Night after night, Christopher Gaze, charismatic creator and Artistic Director of Vancouver’s Bard on the Beach Shakespeare Festival, leaps up on stage – first in the large tent and then in the small one – to welcome sold-out audiences to each of the four Shakespeare plays that Bard produces every summer.
“I consider it a pleasure and a privilege to share my passion with others,” he says. And it’s clear his passion hasn’t diminished over the 27 years of building the festival, now one of the largest professional theatre companies in Canada.
Born in Surrey, England in 1952, Christopher came to Canada in 1975, acting at the Shaw Festival in Niagara and at other theatre companies in Canada and the US before moving to Vancouver in 1983. Having experienced tented festivals elsewhere, he was attracted to the idea of creating an outdoor Shakespeare festival on the Kitsilano waterfront against the backdrop of the city, sea and mountains.
“I’m an optimist, so I always believed it could be done,” he says. “And I think we’ve hit the jackpot with our location. This is such a spectacular city, so of course people want to be outside enjoying the natural beauty of the setting, especially while watching a topnotch Shakespeare production!”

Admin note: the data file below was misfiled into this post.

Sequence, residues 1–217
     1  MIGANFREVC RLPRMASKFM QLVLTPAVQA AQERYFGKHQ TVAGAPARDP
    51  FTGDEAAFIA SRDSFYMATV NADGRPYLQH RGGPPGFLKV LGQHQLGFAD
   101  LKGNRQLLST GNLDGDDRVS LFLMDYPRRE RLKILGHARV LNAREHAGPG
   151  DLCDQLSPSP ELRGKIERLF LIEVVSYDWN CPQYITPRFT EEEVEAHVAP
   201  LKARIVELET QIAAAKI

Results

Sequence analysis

The setting is a great attraction, but it also presents challenges. Despite wonderful synchronicities – the lovely sunsets during Romeo and Juliet or the thunderstorm and rain that have appeared when King Lear cries, “Blow, winds, and crack your cheeks!” – the weather has not always been friendly.
There have been notable trials like after the closing night of Macbeth in 1999, when a huge wind caused havoc with the electrics and Christopher had to park his car at the Bard entrance with headlights shining on Bard village, so people could buy their coffee and wine at the concessions!